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The world's second-largest technology company (after Hewlett-Packard) reported plenty of positive figures for the second quarter ended June 30. Revenue was up 12% over the same period last year to $26.7 billion, and profits grew 8% to $3.7 billion.
IBM also shared plenty of claims about sexy-sounding categories like Smarter Commerce and Business Analytics, but those categories don't show up in the SEC filings with financial figures attached. As an example, IBM said this week that its cloud computing revenue will double in 2011, but from what to what? You won't find a dollar figure in the quarterly report. As InformationWeek has reported, Amazon, Google, and Microsoft also have been coy about their cloud computing revenue.
Looking at the details that are available, software was one of IBM's bright spots, with revenue up 17% (10% adjusting for currency fluctuations) to $6.1 billion. More importantly, software gross margins were 88.4%, more than double the margins realized by IBM's Global Technology Services (outsourcing), Global Business Services (integration and consulting), and Systems and Technologies (hardware) businesses.
In fact, software has turned into IBM's profit engine. The segment's revenues have doubled in recent years, reaching $25.4 billion in 2010. That's only about a quarter of IBM's $106.8 billion in total revenue last year (and well shy of the $39.5 billion in revenue for Global Technology Services, IBM's largest segment). But software delivered more than $9 billion in profits for IBM last year, or about 44% of total company earnings.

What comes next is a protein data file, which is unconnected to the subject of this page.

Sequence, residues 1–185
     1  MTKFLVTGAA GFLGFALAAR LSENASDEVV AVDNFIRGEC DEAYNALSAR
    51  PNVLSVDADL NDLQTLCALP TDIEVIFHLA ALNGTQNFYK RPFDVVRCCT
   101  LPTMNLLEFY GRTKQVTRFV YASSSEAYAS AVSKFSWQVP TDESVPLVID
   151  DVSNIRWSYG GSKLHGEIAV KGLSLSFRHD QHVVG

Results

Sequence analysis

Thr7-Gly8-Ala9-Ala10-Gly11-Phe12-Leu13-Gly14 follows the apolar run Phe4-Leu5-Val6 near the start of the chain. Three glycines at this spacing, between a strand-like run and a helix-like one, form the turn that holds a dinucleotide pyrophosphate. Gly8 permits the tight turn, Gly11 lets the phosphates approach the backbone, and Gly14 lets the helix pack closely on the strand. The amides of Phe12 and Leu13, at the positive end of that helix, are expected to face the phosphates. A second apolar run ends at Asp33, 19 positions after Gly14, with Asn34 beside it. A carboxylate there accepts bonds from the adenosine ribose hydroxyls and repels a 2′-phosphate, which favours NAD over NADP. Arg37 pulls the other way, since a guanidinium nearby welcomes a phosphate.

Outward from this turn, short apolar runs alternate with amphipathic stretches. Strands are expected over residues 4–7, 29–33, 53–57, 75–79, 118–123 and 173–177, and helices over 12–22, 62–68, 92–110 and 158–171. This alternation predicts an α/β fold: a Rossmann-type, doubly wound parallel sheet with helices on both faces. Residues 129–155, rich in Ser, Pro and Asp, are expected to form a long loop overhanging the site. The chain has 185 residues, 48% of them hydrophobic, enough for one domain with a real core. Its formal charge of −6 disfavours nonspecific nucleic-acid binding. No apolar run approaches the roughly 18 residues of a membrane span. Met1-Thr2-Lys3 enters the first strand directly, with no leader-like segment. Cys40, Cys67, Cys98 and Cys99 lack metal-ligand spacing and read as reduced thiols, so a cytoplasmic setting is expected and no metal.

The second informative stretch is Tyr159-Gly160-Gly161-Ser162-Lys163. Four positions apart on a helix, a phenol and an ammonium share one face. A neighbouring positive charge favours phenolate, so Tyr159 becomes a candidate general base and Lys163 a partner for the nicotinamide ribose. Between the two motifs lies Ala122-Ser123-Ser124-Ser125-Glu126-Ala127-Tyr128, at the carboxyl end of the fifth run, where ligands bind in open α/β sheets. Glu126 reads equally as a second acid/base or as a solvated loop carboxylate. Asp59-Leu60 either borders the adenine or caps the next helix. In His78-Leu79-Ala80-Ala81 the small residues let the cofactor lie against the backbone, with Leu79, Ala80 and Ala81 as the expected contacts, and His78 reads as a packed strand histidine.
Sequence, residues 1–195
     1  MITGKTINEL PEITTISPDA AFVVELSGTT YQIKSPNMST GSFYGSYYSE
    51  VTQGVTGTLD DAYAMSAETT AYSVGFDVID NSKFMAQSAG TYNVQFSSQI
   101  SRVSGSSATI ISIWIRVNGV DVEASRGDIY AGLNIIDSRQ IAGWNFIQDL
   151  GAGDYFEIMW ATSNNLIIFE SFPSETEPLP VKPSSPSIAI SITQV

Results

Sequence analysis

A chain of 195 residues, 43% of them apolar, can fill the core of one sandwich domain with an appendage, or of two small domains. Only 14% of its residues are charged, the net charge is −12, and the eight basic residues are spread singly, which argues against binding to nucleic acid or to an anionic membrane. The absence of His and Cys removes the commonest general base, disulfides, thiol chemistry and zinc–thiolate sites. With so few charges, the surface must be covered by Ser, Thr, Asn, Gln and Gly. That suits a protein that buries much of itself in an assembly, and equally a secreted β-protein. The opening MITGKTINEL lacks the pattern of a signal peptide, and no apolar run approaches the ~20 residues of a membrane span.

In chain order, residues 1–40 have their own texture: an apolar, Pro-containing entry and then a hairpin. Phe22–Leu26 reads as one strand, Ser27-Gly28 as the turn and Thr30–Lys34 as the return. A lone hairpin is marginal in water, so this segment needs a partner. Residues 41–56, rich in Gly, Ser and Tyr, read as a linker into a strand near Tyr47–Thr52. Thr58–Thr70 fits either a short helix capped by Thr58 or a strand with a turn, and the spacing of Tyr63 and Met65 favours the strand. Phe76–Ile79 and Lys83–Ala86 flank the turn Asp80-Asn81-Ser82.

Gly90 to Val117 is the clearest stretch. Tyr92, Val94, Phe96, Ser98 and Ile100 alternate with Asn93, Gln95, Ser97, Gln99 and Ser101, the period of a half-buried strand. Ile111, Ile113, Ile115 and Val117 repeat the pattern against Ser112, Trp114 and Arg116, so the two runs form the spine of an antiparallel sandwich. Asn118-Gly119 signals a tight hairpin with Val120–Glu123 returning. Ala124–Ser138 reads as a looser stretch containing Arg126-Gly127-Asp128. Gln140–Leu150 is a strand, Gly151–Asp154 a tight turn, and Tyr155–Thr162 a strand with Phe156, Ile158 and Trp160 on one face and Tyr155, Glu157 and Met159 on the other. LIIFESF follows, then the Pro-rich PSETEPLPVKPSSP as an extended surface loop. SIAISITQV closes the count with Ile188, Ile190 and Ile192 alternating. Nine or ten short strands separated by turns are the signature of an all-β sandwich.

It turns out that middleware, including WebSphere, Information Management, Lotus, Tivoli, and Rational products, accounts for 64% of software revenue, with the remainder coming from non-branded categories including operating system software. IBM does not break out product-by-product profitability, but it's easy to guess that branded products have higher margins than operating systems.
WebSphere was particularly strong in the second quarter, growing 55% year over year. But it just might surprise you all that's included in that category. Beyond the application server, the WebSphere portfolio includes everything in IBM's business process management and Smarter Commerce categories. That means 2010 acquisitions including Cast Iron, Coremetrics, Sterling Commerce, and Unica all contributed to that 55% second-quarter increase. And let's not forget the 2009 and early 2010 acquisitions of ILog and Lombardi, respectively, that also now figure in WebSphere sales.
In news on the core product, IBM announced the general availability of WebSphere Application Server Version 8.0 on Friday. The upgrade gives developers new frameworks and libraries that support latest-generation iOS (iPad and iPhone) and Android mobile devices. And throughput performance is said to have increased 29% over WebSphere 7.0, giving developers more scalability and capacity without having to change hardware.
IBM's key competitor in this category is Oracle, which offers the WebLogic Server. Oracle also has a vast middleware stack that's studded with acquisitions.
It's practically impossible to figure out just how much IBM and Oracle are growing organically. But make no mistake: software is the key to their profitability. And middleware--not mobile apps or cloud computing or big-data analysis--is foundation of revenue and, it goes without saying, enterprise customer expenditures.
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